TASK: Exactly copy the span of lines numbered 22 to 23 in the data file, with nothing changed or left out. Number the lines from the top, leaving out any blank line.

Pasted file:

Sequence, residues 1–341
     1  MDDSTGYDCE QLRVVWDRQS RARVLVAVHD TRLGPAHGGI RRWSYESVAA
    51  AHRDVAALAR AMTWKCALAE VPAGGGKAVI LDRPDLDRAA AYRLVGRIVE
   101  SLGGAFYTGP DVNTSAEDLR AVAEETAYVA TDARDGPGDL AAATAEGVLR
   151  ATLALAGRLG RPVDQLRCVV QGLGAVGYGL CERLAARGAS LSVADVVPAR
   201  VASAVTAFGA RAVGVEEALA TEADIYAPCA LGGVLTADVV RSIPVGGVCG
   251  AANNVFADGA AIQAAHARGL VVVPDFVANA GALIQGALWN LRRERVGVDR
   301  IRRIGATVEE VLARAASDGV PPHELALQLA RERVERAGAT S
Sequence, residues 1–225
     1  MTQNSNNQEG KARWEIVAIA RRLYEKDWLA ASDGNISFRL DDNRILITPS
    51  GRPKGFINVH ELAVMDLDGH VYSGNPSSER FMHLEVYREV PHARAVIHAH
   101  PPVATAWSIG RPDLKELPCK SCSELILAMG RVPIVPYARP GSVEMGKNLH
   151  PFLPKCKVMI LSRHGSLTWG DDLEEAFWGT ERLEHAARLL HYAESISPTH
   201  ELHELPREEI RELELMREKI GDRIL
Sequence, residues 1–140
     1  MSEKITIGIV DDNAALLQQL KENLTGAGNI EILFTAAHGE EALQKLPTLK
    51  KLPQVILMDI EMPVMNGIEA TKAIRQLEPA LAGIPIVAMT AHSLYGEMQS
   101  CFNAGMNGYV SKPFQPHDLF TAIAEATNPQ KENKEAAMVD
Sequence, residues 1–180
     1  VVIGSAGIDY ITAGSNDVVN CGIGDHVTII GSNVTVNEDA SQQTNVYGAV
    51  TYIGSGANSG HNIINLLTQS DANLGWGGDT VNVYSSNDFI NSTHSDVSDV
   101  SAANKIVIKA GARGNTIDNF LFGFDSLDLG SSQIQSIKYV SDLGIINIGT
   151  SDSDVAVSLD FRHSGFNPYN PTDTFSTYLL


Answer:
   101  SAANKIVIKA GARGNTIDNF LFGFDSLDLG SSQIQSIKYV SDLGIINIGT
   151  SDSDVAVSLD FRHSGFNPYN PTDTFSTYLL